Mythologies is an appropriate name, with the London-formed Americo-Germanic-Canadian quartet Cheatahs once more harking back to subgenre worship of their indie rock, psych, Krautrock and, most prominently, shoegaze forefathers. Not even two years removed from the last record, things are getting more ethereal, with the emphasis on the psych and Krautrock, drastically reducing their tendency towards the more straightforward rockers.
Mythologies’ level of gratification, as opposed to the instantaneity of their eponymous 2014 debut, comes in – appropriately enough – gushing waves. A lush production with a greater grasp on dynamics, it’s a record as much about textures as songs, even moreso than their first album’s indie pop-rock leanings. The LP never quite captures the sheer concision and energy of their first, but what Cheatahs have went for this time around is a hazy trek through their self-contained world, with swollen, layered passages in a Cocteau Twins vein instead of resting on Dinosaur Jr. signature moves. The comparisons don’t end there either, as the quasi-glossolalic vocals drop in and out of coherence when needed as they’re backmasked, distorted and stripped of literal meaning – allowing for their use as a texture that’s best described as ‘tripping J Mascis’ – and that’s completely fine, especially when it leads to album highlight, ‘Murasaki’, sung completely in Japanese and also released in April as part of its titular EP.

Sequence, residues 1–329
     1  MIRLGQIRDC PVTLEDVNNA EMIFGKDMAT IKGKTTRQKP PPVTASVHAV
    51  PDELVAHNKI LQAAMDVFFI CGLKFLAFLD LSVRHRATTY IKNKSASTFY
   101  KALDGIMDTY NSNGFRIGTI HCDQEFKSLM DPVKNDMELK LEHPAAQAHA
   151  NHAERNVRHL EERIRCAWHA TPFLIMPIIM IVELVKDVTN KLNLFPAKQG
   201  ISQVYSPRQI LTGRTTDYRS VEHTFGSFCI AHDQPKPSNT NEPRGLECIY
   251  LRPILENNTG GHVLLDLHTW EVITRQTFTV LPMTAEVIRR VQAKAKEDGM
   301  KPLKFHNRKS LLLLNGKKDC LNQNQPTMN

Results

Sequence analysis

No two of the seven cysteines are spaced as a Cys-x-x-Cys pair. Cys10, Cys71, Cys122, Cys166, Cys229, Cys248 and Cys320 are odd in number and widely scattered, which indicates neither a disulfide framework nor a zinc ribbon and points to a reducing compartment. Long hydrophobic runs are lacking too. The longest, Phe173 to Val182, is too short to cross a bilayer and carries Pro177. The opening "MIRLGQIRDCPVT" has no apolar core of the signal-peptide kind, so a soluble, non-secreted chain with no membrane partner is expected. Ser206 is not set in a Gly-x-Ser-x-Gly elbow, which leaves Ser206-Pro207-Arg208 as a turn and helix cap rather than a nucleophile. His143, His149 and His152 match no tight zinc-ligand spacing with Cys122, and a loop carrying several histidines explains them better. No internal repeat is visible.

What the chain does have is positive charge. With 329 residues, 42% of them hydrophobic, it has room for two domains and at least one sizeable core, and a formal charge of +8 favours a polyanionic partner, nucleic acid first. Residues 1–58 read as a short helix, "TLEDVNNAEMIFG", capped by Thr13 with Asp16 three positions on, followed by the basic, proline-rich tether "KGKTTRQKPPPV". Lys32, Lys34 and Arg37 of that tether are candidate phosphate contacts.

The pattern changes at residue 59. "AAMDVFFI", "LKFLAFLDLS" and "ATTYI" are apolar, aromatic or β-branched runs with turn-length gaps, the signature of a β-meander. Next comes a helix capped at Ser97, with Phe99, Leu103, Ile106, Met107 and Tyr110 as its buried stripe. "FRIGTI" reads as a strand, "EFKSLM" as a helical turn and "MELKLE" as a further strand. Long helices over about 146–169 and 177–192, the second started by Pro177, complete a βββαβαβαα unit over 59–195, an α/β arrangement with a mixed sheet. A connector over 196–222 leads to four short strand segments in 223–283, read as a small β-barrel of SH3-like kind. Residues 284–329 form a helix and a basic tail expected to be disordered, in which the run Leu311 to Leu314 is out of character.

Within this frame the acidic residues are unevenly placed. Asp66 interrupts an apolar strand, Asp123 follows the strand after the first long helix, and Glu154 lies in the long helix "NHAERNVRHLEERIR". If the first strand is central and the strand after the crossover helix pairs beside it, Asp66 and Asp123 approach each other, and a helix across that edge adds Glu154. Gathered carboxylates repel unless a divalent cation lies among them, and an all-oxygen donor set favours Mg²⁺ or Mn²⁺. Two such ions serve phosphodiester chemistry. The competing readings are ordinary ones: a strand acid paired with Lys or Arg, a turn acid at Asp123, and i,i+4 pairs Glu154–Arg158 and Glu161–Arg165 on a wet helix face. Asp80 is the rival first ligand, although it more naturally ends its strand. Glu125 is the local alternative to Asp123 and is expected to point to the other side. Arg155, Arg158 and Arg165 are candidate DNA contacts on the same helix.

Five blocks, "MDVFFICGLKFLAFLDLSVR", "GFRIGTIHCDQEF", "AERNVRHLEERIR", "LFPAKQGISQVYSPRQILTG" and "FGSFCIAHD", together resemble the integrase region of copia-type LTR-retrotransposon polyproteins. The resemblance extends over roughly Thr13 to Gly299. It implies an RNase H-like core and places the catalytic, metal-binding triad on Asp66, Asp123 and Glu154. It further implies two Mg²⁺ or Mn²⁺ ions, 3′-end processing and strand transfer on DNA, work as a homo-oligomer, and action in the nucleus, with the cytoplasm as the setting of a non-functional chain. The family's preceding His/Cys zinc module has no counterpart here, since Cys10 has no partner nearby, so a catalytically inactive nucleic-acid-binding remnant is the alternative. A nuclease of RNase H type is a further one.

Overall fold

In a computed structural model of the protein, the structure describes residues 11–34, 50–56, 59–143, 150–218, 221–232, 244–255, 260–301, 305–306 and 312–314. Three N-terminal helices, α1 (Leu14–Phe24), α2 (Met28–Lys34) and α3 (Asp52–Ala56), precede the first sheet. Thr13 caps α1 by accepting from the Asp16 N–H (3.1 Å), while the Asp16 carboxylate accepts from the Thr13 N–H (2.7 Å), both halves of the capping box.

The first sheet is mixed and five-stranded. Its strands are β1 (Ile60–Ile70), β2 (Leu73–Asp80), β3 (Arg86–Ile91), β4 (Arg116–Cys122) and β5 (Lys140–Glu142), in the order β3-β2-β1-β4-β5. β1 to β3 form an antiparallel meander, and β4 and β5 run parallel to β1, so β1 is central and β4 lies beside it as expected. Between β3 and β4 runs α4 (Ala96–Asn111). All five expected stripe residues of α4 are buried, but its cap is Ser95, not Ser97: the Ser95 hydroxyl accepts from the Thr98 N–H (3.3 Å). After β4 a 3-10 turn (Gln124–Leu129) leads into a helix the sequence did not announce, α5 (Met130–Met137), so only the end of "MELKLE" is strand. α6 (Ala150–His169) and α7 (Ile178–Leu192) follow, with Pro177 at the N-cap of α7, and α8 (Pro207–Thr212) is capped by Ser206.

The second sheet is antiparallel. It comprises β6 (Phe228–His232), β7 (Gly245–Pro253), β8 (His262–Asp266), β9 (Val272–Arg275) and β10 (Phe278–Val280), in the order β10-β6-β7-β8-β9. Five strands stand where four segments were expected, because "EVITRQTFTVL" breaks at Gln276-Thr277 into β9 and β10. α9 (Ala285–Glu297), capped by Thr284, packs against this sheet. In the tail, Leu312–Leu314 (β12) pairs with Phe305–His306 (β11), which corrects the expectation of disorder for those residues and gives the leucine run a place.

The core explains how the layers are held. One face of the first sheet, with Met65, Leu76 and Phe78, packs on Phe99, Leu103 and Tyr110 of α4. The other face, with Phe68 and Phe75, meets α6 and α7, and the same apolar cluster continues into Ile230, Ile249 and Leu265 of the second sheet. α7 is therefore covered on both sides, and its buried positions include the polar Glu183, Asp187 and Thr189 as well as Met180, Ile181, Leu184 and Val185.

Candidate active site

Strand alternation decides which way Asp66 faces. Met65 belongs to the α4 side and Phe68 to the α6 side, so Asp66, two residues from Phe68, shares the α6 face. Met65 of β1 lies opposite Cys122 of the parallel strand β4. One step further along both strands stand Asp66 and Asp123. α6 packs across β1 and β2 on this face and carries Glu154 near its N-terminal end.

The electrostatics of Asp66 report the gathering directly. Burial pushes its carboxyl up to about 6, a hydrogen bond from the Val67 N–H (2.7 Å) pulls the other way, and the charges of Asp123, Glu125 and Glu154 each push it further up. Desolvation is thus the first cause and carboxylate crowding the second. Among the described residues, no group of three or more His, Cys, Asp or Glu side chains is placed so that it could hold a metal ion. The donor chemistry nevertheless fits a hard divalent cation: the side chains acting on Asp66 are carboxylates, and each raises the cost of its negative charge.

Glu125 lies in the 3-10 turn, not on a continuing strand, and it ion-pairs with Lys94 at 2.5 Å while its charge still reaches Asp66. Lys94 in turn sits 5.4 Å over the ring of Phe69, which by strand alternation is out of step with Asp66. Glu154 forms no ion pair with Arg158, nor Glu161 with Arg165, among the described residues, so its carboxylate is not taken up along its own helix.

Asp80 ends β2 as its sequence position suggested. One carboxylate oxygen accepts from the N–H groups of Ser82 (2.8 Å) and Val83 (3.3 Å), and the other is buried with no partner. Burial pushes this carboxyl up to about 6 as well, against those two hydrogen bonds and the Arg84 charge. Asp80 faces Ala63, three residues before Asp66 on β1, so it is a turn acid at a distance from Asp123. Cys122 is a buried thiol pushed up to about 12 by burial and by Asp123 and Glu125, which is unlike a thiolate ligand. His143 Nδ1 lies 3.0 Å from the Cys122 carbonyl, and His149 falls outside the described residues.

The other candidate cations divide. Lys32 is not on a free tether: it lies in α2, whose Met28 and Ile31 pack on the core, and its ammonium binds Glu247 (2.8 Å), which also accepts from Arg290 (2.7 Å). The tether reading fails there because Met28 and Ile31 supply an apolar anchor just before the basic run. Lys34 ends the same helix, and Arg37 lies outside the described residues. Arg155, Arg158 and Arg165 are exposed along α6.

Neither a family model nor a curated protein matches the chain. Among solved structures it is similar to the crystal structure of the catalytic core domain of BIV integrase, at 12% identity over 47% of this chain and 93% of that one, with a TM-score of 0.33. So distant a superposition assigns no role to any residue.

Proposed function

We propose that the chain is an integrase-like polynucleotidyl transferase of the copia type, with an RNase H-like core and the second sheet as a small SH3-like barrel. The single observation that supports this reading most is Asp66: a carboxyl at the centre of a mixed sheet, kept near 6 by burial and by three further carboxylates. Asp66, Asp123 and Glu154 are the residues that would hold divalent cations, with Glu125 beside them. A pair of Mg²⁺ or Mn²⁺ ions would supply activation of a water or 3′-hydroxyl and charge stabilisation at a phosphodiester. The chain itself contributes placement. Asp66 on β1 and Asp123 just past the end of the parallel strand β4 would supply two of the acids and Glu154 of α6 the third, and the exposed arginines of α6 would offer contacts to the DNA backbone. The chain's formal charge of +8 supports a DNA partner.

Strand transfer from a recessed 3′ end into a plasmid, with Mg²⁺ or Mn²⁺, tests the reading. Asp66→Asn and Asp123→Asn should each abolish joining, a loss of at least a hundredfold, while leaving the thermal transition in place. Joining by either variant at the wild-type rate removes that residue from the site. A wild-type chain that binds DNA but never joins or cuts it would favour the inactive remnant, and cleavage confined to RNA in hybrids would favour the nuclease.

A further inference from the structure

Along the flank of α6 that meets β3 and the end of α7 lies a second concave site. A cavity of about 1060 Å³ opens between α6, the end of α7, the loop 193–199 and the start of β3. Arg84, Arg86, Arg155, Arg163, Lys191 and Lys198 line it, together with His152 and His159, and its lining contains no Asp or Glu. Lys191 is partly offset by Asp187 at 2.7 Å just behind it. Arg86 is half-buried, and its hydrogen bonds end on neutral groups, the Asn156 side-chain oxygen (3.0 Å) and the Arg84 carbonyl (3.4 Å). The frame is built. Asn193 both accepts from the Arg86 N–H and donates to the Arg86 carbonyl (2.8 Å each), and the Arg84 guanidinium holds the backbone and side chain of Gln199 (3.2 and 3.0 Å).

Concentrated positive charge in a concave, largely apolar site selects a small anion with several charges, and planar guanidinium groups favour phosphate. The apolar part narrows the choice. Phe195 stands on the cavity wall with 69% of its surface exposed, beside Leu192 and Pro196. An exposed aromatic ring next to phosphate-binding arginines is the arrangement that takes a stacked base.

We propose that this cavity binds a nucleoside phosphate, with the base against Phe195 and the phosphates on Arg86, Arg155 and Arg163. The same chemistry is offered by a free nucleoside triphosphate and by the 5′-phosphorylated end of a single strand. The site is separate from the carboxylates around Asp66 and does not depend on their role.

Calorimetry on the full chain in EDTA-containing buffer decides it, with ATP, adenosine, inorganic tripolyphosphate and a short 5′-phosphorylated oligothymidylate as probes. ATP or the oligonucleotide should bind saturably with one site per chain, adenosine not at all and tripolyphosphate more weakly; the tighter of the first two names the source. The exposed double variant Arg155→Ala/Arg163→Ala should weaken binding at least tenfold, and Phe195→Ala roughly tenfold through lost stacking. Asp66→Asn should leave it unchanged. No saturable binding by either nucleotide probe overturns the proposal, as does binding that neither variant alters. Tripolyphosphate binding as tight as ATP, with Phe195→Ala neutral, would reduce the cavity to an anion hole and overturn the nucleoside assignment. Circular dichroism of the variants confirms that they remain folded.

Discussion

Psychedelic and Kraut precedents haven’t been forgotten, with the ubiquity of tight, motorik drumming and technicolour organ and synth drones offering a solid foundation for each song to take on its own life. The entire arse-end of the album is where many of its treasures lie, from the bubbling, incandescent ‘Supra’ onwards to its gothic and most singular track, the literal and logical spiritual closer ‘Reverie Bravo’, which boats harmonies Alt-J and Django Django would envy. Unfortunately, and perhaps intentionally due to their accessibility, some early, shallower cuts don’t quite achieve this as they blend into homogeny, even risking dipping into psych-muzak territory in terms of its mood-setting. This, of course, isn’t a bad thing when you’re making increasingly panoramic music – God forbid it be criticised too heavily for being listenable, but when offered glimpses of the Northern Lights in the middle of a desert, one wouldn’t want the view obscured by clouds.
The band’s ambition and scope has evidently been growing, really opening itself to the sonic possibilities of space, time and scale, all the while still remaining cohesive and distinctively Cheatahs. It’s less concise, more artistically exploratory, and a step in the right direction. Stevie Lennox